Chipotle is asking customers not to bring firearms into its restaurants after gun-rights advocates brought assault-style weapons into a Dallas-area stores during the weekend.
The Mexican fast-food company, based in Denver, said Monday evening that it has traditionally complied with local firearms laws, but that "the display of firearms in our restaurants has now created an environment that is potentially intimidating or uncomfortable for many of our customers."
"Because of this, we are respectfully asking that customers not bring guns into our restaurants, unless they are authorized law enforcement personnel," the statement said.
Alex Clark, a member of the Dallas chapter of Open Carry Texas, tells KRLD-TV that he had attended the weekend armed lunch at a Chipotle in the Dallas area.
"We had all different types of long-guns, some people had shot guns. I personally carry an AK-47," Clark says. "There were a few AR-15′s there. The rifles were loaded. There's no reason to carry an unloaded weapon — it wouldn't do any good."
The appeal by Chipotle, issued late Monday, followed a petition by Moms Demand Action for Gun Sense in America that has called on companies to ban firearms in their stores as well.
The group said its petition came in response to the demonstration by the open-carry gun activists in Texas during the weekend. Their petition drive was fueled by a Twitter campaign dubbed #BurritosNotBullets.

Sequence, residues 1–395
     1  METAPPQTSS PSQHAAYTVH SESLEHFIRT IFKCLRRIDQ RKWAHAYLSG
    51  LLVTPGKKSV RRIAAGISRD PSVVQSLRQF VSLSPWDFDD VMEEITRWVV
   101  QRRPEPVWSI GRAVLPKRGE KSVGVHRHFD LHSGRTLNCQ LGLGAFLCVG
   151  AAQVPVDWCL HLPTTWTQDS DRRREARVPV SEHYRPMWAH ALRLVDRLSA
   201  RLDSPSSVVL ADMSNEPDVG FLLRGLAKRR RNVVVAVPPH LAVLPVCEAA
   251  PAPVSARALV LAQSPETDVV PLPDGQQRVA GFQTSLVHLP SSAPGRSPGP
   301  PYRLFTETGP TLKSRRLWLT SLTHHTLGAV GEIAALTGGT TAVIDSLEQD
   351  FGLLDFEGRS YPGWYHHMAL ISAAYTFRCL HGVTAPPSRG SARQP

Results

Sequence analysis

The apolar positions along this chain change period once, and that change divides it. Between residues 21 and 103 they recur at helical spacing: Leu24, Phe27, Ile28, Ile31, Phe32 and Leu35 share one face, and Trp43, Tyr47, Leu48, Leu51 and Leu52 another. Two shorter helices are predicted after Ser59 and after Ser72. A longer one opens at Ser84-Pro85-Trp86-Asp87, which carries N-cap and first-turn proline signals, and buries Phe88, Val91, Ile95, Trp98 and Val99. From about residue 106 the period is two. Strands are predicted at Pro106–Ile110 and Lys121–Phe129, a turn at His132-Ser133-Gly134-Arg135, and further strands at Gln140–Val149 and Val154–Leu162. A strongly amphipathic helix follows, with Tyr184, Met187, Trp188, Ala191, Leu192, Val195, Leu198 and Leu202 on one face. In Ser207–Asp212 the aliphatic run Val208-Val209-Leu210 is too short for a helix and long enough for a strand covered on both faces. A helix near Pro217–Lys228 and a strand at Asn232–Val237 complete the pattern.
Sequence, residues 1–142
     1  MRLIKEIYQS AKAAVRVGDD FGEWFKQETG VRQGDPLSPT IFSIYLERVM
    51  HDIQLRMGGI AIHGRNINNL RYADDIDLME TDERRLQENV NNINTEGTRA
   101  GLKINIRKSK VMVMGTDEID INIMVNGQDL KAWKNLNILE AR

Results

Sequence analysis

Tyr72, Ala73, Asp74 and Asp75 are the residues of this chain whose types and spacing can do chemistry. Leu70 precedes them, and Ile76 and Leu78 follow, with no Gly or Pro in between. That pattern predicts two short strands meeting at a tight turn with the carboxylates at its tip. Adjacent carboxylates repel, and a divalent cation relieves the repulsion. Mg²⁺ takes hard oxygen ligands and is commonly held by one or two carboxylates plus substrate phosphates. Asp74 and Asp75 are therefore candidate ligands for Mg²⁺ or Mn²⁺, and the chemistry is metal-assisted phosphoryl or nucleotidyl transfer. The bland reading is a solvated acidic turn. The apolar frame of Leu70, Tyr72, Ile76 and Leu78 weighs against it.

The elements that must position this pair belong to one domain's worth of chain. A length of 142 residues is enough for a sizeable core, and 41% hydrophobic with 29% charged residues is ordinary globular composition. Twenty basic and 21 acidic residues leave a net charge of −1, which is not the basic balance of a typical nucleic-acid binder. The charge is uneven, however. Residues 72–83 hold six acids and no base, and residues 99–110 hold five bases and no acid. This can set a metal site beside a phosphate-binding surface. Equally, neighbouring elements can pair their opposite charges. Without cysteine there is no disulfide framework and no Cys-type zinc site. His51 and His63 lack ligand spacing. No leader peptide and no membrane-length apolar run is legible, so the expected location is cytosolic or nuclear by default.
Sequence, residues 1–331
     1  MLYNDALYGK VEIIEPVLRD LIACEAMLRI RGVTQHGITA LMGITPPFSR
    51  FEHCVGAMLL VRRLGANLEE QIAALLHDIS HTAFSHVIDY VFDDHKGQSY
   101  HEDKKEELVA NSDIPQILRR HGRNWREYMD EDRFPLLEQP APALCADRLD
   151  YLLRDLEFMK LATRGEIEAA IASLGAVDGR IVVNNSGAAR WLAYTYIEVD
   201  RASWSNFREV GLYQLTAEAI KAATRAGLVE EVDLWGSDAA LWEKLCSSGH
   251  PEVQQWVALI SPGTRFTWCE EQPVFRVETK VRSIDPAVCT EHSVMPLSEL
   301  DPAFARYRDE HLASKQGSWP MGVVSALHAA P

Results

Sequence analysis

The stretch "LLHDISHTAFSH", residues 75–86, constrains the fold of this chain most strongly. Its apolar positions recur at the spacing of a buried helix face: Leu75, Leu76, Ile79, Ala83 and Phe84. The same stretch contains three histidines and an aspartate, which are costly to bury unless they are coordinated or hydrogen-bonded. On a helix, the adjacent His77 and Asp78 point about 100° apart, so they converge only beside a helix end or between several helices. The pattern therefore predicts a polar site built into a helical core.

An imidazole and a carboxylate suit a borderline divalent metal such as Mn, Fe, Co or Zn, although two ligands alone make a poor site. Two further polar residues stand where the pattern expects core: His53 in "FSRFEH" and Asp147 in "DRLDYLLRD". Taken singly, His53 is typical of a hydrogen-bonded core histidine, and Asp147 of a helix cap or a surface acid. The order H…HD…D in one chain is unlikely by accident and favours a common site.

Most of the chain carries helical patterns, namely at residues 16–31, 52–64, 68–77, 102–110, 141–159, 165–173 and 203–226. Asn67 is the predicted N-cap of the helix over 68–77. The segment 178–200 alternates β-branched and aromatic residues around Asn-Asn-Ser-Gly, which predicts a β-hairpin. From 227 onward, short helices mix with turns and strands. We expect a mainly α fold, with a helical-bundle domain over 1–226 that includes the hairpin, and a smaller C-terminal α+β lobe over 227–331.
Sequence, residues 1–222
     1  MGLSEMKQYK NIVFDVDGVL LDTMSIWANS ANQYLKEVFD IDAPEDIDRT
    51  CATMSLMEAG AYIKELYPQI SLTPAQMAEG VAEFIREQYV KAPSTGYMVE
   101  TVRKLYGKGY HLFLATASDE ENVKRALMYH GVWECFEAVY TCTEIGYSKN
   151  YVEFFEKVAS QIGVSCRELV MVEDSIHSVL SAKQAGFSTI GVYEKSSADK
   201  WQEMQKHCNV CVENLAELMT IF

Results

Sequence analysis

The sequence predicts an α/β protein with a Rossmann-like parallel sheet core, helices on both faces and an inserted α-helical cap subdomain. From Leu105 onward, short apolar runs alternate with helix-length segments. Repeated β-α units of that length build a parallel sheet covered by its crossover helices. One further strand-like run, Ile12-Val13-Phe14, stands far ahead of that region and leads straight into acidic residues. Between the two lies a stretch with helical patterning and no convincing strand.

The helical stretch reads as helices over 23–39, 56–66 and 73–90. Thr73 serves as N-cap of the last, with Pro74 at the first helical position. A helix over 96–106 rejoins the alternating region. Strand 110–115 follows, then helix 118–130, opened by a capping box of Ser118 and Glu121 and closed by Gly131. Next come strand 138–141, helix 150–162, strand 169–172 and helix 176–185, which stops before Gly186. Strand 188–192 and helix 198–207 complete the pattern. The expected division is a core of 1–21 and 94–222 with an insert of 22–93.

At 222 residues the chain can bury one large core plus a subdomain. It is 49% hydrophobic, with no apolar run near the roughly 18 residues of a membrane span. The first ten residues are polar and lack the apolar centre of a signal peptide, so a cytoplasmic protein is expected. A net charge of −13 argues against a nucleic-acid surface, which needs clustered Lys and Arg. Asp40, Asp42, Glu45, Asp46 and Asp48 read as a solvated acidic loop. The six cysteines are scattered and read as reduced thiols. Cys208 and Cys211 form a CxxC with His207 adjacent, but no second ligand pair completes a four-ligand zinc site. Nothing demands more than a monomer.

Shannon Watts, founder of the mother's group, praised Chipotle's "bold" decision and said it "shows that you can support the Second Amendment while also taking reasonable measures to ensure that Americans are safe and secure in the places we take our children."
The statement from Chipotle communications director Chris Arnold said the company has felt in the past it was enough to simply follow local laws regarding the open or concealed carrying of firearms.
"However, because the display of firearms in our restaurants has now created an environment that is potentially intimidating or uncomfortable for many of our customers, we think it is time to make this request," the statement said.
The company added:
"We acknowledge that there are strong arguments on both sides of this issue. We have seen those differing positions expressed in the wake of this event in Texas, where pro-gun customers have contacted us to applaud our support of the Second Amendment, and anti-gun customers have expressed concern over the visible display of military-style assault rifles in restaurants where families are eating. The vast majority of gun owners are responsible citizens and we appreciate them honoring this request. And we hope that our customers who oppose the carrying of guns in public agree with us that it is the role of elected officials and the legislative process to set policy in this area, not the role of businesses like Chipotle."
Chipotle said it did not want its company to be used as a platform for either side of the debate.
Last year, Starbucks Corp. also issued a similar announcement after it had to temporarily close one store in Newtown, Conn. to avoid a demonstration by gun rights advocates.
The Seattle-based coffee company said it closed the store out of respect for the community where a gunman killed 20 school children and six staff member in 2012.